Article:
Getting up close and financially personal

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D. Murali

Money may not be romantic, and ‘when it comes to passion killers it is probably on a par with big pants,' write Karen Pine and Simonne Gnessen in Sheconomics ( However, if your relationship has reached a point where your toothbrushes are cohabiting and your plans extend beyond next weekend, you just can't ignore finance, they urge.

Sharing intimacies

So many of us are scared to bare all when it comes to money, but financial intimacy does not mean exposing all your money secrets to another person, the authors explain. To those who think that it is better to turn the light off and not mention it, to be secretive about your earnings and what you owe, and to remain cagey about what you can and cannot afford, the book has guidance on how to get up close and financially personal with yourself and your loved ones.

What are the advantages of sharing financial intimacies? Many, as the authors list: One, you can be comfortable talking to others about money; two, you will be able to plan towards future goals with a partner; three, you can be confident enough to raise any money issues with your friends or partner without getting emotionally charged; four, you will be respectful of your own needs and financial limitations and not be led by others…

The M word

Interestingly, it is never too early to mention the M word, even on a first date! You may detest the idea, but there are money moments even on the first meeting, such as who is going to pay, the authors note. They cite the findings of a National Savings survey (2008) in the UK – that 40 per cent of men expect to pick up the bill on a date.

Perhaps, they are reaching for their wallets from chivalry rather than women's expectations, because in fact only 17 per cent of women expected the man to pay. That does not mean men are not looking for a return on their investment, caution Pine and Gnessen. “Nearly a fifth of men in the survey said they'd end a relationship if they didn't think it was worth the expense.”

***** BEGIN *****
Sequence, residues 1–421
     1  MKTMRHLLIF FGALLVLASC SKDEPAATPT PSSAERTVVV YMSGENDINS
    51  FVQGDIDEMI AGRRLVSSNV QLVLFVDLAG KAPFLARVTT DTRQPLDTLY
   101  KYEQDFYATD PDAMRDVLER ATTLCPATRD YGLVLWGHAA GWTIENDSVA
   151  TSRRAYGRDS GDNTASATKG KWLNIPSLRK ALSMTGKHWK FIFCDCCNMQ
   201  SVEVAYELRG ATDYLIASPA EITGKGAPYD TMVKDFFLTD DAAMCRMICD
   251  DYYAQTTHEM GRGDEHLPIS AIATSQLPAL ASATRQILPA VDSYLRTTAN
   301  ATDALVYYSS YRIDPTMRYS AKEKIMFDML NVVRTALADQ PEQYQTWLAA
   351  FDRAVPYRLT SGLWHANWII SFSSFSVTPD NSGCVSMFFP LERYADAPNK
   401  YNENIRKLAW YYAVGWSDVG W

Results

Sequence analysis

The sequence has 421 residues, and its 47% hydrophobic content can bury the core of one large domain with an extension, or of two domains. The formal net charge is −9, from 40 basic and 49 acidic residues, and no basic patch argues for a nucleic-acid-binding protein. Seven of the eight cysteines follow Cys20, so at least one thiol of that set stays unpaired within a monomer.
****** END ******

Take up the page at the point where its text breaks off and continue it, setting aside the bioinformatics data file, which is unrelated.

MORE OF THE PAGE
Holiday planning

As you trip off down the tunnel of love together the financial stuff is ever-present, instructs a section titled ‘sun, sea and saving.' Giving no thought to questions like who pays for the holiday and simply swiping your credit card can be deeply worrying, the authors alert. “Because it could spell trouble that lasts much longer than your tan.”

They, therefore, advise that planning a holiday together is the perfect opportunity to chat about your spending and savings priorities. “Far better to know upfront whether his idea of luxury is your idea of no-frills. The more you can talk about things and plan together as a couple, the better.”

One of the tips in the book for ‘affordable holidays' is the assurance that you can holiday on the cheap if you are prepared to forego a few five-star treats. “More people are trying flashpacking (affluent backpacking) or hostelling (, cultural exchanges where you do farm work in exchange for accommodation (, staying with hosts abroad ( or swapping homes with people who'd like to holiday in your home while you holiday in theirs (www.guardiian”

Budget your spend

Another tip is to budget for your holiday, by deciding in advance how much you can afford to spend, breaking the budget down into a spend-per-day amount, and sticking to it. “Take travellers cheques rather than your credit card – some make hefty charges when you use them abroad.”

Again, think before ‘in a weak moment you agree to join your best mate on a week's holiday boozing and clubbing' with friends, if ‘you're still trying to pay for last year's holiday with your already over-stretched credit card.' Be openly honest about what is and what is not realistically possible for you and find cheaper ways of spending time together, the authors counsel.

Understanding envy

If envy keeps smothering you, when your friends earn more, and spend more, what should you do? “Just don't even try to keep up with them, that's all. Come clean about the meagreness of your income.” Also, be sensitive to your friends' financial status, exhort Pine and Gnessen. “Check what your friends are prepared to spend on a meal out before booking the priciest restaurant in town.”